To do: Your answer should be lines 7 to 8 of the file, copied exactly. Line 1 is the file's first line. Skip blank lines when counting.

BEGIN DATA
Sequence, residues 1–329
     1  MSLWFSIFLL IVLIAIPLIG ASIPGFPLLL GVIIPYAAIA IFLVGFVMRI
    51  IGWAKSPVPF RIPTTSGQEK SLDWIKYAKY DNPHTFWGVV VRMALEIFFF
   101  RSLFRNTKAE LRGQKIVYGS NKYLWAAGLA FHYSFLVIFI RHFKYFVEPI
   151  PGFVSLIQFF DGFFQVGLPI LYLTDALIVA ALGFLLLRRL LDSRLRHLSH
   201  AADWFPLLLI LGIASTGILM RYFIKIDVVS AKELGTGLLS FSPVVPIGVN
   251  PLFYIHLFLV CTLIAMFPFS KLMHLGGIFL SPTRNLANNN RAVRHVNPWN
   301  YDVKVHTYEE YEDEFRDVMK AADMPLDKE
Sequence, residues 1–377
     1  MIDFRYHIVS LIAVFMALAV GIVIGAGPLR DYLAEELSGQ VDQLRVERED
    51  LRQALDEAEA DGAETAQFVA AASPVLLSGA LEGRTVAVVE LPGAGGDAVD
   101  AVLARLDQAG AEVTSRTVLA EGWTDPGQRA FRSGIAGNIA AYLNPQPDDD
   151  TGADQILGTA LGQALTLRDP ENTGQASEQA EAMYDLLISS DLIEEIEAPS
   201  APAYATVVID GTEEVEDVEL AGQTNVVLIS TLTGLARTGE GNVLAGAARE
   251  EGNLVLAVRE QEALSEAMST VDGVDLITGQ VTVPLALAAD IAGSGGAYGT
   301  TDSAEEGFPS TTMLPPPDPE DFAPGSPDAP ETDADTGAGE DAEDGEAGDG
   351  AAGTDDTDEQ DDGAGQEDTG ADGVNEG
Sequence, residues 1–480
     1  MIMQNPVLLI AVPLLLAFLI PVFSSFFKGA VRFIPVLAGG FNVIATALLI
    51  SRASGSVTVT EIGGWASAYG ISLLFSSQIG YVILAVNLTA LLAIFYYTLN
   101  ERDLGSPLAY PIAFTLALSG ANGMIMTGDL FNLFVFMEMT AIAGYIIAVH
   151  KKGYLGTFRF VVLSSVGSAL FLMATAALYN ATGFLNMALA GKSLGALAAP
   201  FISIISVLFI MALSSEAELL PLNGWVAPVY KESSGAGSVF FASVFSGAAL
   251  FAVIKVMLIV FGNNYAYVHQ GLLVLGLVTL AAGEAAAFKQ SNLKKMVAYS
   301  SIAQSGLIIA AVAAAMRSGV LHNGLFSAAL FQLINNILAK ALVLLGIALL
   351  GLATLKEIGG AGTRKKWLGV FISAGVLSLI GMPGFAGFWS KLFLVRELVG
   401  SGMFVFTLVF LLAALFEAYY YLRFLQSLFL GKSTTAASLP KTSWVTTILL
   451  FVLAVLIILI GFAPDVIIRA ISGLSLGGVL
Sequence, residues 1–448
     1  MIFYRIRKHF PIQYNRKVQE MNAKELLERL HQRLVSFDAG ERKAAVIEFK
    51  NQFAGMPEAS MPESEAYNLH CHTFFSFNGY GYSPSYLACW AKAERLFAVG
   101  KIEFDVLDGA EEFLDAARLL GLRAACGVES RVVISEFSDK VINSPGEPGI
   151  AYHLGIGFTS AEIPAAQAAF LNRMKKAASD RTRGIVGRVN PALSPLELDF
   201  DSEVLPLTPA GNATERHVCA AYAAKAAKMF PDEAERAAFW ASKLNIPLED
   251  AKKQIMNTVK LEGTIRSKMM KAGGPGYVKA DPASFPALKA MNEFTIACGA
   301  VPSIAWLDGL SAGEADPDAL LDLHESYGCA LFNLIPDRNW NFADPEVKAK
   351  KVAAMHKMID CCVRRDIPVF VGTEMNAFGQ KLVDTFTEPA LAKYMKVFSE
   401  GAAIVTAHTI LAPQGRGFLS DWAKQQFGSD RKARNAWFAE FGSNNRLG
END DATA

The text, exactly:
   251  PLFYIHLFLV CTLIAMFPFS KLMHLGGIFL SPTRNLANNN RAVRHVNPWN
   301  YDVKVHTYEE YEDEFRDVMK AADMPLDKE